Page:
No, technically it doesn’t make any sense, but I’m asking for a bit of literary license here to bend the rules of rhetoric in favor of the experiential world.
Yesterday was a bit of a downer with respect to my relationship with mechanical devices. Okay, all around. These things happen – you do your best, and move on. Everything made by human hands, or nature for that matter, will eventually break. It’s all just a matter of time.
But at dusk, I went out to mull about the garden. Our tomatoes are coming in, thick and unruly. The unharvested artichokes we’d left to blossom were popping their brobdingnagian buds, and the blueberries were bent nearly to the ground, deep purple dusted with gray.
Then I looked up.
When I was a kid, apricots were almost a ritual. The color, the touch of the skin – everything about them was magical. I would always remember the first apricots of the season, and revel in them. Now, with all the inert gas refrigerated trucks and container ships trucking produce from Chile and who-knows-where, we’ve lost a bit more touch with the seasons. D and I try to respect the seasons as best we can, buying the bulk of our groceries at the local farmers market, where we’ve developed our own new rituals. Eggs from the Petaluma Egg Lady, who calls everyone sweetheart, milk and cheese from Rhonda, toting daughter Caitlin on one shoulder and round with #2 soon on the way. Flirting with “the asparagus girl”, and picking up a bag of leafy greens from the improbably pierced and tattooed twins at the north end of the second row.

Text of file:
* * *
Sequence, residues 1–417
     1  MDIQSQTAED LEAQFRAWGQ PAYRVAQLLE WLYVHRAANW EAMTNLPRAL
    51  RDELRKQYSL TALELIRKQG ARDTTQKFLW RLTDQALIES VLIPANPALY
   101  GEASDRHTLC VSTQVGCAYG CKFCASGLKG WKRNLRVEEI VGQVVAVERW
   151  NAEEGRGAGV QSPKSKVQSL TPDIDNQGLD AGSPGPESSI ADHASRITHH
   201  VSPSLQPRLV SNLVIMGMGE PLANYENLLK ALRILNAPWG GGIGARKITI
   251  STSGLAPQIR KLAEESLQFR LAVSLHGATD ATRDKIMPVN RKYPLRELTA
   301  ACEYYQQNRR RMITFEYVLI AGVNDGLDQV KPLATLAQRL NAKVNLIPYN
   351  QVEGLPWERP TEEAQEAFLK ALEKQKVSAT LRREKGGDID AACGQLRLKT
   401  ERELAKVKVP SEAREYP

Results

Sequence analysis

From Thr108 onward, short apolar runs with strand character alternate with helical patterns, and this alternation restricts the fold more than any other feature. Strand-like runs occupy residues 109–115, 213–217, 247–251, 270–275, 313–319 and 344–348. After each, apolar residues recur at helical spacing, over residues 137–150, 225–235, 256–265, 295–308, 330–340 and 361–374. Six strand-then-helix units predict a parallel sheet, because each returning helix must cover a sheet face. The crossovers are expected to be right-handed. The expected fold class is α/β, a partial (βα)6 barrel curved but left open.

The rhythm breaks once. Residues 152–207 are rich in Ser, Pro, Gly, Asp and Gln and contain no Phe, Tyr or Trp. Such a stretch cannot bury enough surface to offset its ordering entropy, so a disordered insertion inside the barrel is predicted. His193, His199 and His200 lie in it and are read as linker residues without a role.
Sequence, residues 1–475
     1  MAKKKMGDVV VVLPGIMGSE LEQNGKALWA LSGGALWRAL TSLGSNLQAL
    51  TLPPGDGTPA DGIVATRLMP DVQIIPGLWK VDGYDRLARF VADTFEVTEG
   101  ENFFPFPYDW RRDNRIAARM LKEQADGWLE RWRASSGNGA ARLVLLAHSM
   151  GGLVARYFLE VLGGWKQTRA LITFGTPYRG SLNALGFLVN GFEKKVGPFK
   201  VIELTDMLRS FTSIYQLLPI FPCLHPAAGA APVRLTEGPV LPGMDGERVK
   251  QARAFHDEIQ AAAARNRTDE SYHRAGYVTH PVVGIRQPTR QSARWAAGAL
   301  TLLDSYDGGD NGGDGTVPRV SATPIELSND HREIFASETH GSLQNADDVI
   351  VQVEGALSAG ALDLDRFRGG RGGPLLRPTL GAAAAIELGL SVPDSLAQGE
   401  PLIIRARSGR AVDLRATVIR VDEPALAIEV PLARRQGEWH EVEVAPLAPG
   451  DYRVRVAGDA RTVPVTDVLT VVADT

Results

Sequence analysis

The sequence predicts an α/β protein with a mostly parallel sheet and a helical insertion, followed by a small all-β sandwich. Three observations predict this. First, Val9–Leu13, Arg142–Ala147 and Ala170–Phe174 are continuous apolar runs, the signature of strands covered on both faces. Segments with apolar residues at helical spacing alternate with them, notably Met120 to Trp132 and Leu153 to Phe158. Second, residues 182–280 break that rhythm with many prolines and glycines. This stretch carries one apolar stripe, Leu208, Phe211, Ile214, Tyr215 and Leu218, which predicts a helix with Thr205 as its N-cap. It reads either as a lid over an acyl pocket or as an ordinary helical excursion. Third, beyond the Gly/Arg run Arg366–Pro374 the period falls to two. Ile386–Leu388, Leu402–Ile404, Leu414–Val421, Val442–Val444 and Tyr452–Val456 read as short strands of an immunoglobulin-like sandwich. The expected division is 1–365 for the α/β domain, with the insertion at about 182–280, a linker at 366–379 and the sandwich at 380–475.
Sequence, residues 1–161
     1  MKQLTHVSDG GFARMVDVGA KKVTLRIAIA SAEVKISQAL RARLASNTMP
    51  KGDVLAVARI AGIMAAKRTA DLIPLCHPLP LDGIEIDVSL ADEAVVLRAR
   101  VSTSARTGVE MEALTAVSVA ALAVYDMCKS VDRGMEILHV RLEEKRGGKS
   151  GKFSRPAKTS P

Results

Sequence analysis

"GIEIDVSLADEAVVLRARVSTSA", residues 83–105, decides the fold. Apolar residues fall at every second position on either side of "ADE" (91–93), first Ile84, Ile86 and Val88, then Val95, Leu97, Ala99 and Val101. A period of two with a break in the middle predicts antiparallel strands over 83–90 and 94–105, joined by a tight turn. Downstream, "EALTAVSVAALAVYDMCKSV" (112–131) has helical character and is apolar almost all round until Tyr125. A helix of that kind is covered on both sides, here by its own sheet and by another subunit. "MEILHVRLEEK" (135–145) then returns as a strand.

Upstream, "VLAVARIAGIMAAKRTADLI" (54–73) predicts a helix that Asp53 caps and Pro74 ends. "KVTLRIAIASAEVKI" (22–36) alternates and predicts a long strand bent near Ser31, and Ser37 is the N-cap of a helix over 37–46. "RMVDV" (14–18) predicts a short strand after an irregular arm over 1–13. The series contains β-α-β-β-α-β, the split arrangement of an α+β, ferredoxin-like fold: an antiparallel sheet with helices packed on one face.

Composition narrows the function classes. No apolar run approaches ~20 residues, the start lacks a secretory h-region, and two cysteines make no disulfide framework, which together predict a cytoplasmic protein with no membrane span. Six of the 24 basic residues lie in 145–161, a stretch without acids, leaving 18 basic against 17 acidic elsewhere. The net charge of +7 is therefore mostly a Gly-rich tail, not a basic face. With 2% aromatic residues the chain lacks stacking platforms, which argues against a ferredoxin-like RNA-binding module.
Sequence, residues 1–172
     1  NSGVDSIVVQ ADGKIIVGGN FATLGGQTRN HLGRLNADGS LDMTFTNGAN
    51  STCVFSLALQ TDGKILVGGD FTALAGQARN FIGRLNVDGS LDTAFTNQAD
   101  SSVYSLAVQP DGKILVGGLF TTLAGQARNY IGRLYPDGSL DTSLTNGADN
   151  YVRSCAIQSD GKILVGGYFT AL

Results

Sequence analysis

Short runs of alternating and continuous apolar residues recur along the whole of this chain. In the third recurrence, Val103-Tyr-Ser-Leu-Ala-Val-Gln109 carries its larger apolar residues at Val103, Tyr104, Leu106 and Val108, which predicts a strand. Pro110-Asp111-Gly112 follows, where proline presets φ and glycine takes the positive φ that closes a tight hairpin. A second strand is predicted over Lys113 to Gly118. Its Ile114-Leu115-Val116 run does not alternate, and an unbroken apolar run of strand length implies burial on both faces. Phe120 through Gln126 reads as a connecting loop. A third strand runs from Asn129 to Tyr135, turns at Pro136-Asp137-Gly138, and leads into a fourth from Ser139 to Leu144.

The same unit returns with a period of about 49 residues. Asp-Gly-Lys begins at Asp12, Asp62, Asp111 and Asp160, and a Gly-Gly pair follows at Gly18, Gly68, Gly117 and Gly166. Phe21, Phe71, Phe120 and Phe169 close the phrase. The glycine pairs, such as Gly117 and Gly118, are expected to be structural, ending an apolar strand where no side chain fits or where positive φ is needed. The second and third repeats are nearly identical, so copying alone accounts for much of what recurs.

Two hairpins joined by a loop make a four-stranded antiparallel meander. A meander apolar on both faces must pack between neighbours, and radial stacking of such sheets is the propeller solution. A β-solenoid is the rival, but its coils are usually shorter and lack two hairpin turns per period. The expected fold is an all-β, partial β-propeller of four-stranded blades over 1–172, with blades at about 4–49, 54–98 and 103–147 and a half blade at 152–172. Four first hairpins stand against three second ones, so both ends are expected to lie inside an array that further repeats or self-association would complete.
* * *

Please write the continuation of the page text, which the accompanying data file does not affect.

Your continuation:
At the farmers market, the apricots have been in for a couple of months already – mostly the funky varieties chased down to extend the season, but also Blenheims, the California mainstay. I guess it was Blenheims that I grew up with, back when we lived in Millbrae. They didn’t grow in Colorado, so I think it was when we moved there that they took on those magical properties.
I guess it was no surprise that, when we moved into this house four years ago, we planted an apricot tree in the place of honor in our yard. Behind the raised garden beds, on a small rise – we call it “the hill” -before the yard gives way to the untended back corner of our property that we wistfully call “the meadow” (don’t get grand ideas here – you could fill the entire “meadow” with a good sized family tent).
And at dusk, moping about my tribulations with the mechanical world, I looked up into the branches of our apricot tree, resplendent in the flat summer light of early evening, and saw life’s concise, unarguable rejoinder to my woes. (I’m bringing a basket of them in to work this morning).